Christmas list

Hanging out with the LBD (Paco, my ten pounds of terrier/chi terror), and seeing what the day brings. Jamal and I had a very nice time last night with the family, and today I just had a great visit with a long-time friend who stopped by with her husband.  We hadn’t talked in about five years, not because of any drama, mostly because life just kinda kept happening, and we didn’t keep up with each other.  I’m not the most Christmas-ey of people, but seeing Laury and Steve gave me a great gift of good cheer when I wasn’t looking for one today.

Can we look at the list now?

1.  It just seems to me that the Christmas crush was a bit more…pulpy this year.  Granted, it was a broad spectrum of behavior out there, and I’m certain that I allowed some of the bad behavior to affect me more than usual, but… it’s the holiday season, and so many horrible events have taken place recently, that it wouldn’t have killed you grinches (and you know who you are) to be a little nicer, to the retail staff, to other people in the parking lot, even to your own family.  Maybe you didn’t feel like it, but sometimes acting “as if” can put a person into a better sprit – never fear, crabby folk, we’ll give you a chance next year; just hope that everyone in your family is still here for you next year.  For the rest of you, who held places in line for strangers, who wished cashiers happy holidays, and who were aware that there were other people in your sphere of existence besides yourselves – your halos are showing; thank you.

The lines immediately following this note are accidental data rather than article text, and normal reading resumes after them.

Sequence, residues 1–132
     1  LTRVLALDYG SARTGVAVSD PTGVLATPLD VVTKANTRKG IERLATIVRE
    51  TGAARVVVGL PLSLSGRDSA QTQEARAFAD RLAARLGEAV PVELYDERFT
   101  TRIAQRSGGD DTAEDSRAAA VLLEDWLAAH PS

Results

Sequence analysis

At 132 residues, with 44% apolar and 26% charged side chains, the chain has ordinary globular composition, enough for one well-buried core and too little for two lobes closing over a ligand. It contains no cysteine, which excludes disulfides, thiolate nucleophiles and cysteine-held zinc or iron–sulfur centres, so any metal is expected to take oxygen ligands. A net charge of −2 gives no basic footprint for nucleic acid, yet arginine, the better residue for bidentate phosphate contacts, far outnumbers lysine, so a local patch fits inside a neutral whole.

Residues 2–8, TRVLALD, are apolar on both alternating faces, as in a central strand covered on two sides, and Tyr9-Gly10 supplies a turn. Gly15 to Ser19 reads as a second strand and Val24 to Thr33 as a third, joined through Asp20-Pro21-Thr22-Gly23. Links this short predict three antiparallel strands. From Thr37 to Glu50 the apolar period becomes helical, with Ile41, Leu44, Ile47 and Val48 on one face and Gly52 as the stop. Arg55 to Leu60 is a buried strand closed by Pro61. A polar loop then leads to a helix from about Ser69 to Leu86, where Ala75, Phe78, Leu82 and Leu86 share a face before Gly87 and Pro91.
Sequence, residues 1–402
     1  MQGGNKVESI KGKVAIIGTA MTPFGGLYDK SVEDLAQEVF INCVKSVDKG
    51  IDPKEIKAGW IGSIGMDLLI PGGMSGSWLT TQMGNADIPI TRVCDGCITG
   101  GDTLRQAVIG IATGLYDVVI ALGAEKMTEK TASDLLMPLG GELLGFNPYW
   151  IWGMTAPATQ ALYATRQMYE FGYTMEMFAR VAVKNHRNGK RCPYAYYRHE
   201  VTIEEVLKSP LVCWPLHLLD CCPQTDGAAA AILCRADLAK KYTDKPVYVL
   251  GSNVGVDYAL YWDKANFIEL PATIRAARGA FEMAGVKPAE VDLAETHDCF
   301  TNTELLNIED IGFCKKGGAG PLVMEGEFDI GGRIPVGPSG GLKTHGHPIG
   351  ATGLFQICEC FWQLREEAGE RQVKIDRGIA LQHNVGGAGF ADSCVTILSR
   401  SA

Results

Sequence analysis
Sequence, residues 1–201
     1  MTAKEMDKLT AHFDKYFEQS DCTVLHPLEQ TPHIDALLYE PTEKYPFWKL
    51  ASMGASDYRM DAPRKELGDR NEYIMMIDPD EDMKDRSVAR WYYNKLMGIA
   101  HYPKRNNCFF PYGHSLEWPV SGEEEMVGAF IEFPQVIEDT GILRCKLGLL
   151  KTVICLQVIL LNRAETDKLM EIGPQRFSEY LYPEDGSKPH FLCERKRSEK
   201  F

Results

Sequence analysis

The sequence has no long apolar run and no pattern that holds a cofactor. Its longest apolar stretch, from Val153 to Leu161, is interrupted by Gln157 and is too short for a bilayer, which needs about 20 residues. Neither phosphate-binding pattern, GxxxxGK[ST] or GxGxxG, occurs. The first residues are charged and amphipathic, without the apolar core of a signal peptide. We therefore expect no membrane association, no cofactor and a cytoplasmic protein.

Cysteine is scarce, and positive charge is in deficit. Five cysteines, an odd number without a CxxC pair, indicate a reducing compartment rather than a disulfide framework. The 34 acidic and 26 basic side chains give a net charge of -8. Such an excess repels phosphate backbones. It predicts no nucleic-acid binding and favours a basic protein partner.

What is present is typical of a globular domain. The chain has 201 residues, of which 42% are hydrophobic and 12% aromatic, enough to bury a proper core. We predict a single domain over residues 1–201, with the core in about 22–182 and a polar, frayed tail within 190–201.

2.  Seeing the Christmas lights is always my favorite part of the season; I love when they start appearing, and I get a little blue when they come down. What I find interesting (and a little bit scary) is the appearance of the enormous balloon figures on the lawns in our neighborhood: